Corticotropin-Releasing Factor: Cerebrospinal Fluid Studies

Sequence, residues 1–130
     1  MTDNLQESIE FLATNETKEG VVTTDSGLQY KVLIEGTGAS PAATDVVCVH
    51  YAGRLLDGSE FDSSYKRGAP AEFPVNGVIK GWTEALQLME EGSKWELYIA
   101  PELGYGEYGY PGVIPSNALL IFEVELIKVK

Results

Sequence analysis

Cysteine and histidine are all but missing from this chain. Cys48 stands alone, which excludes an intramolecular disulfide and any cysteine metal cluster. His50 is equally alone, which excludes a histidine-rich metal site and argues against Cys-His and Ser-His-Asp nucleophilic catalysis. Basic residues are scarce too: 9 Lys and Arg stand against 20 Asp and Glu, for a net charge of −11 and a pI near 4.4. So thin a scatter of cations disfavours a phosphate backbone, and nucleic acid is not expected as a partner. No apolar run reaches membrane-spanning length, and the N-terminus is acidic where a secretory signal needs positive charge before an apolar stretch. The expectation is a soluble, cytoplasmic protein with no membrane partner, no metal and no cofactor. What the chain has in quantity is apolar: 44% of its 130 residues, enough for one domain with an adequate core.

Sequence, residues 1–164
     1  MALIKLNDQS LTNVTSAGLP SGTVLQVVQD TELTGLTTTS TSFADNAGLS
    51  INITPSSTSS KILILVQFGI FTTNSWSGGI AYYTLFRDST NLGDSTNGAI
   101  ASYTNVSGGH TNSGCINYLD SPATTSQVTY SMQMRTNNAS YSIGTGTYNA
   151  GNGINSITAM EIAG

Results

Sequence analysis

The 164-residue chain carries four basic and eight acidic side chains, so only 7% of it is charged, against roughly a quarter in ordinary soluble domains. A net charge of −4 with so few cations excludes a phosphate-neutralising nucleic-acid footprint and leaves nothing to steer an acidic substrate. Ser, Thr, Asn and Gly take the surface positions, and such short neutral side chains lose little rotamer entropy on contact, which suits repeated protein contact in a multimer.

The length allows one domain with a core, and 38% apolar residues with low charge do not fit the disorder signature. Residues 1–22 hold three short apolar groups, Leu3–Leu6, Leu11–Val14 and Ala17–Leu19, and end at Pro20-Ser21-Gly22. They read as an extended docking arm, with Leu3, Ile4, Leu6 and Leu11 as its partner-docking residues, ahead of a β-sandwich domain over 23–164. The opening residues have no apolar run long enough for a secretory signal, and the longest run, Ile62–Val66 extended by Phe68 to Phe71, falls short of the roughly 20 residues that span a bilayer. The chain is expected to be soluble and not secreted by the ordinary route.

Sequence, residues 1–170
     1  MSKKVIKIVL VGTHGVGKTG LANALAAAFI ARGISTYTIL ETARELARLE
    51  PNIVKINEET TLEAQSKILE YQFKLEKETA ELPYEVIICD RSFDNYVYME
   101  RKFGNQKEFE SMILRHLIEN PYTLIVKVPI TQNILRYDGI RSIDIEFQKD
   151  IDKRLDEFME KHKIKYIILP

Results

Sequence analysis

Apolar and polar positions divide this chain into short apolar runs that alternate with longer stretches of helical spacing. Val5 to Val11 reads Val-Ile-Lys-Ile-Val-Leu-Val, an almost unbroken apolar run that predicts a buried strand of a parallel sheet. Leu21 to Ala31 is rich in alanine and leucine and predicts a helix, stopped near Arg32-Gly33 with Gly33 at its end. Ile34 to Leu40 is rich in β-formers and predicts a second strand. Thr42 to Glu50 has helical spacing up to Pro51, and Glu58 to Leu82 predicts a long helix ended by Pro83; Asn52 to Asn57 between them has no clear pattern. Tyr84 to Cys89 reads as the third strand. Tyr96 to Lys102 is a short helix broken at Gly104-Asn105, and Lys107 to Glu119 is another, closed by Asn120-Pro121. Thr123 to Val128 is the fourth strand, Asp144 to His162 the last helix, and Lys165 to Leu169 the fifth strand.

Cerebrospinal fluid is in direct communication with the extracellular fluid of the brain and moderate amounts of cerebrospinal fluid (CSF) are quickly replaced. In a series of studies, the authors' laboratory document increased CSF concentrations of corticotropin releasing factor (CRF) in several geographically diverse populations of patients with DSM-III diagnoses of major depression. In collaboration with Fink at Stony Brook, the authors measure CSF CRF concentrations in depressed patients before and after a regimen of electroconvulsive shock therapy. M. A. Kling et al. have reported that patients with Cushing's disease had decreased CSF concentrations of CRF compared to patients with a DSM-III diagnosis of major depression or controls. Klimek et al. have reported that CSF concentrations of CRF are reduced in patients with amyotrophic lateral sclerosis when compared to controls with discopathy. Although the precise central nervous system source of CRF in CSF remains obscure, alterations in CRF concentrations of CSF have been observed in several pathologic states.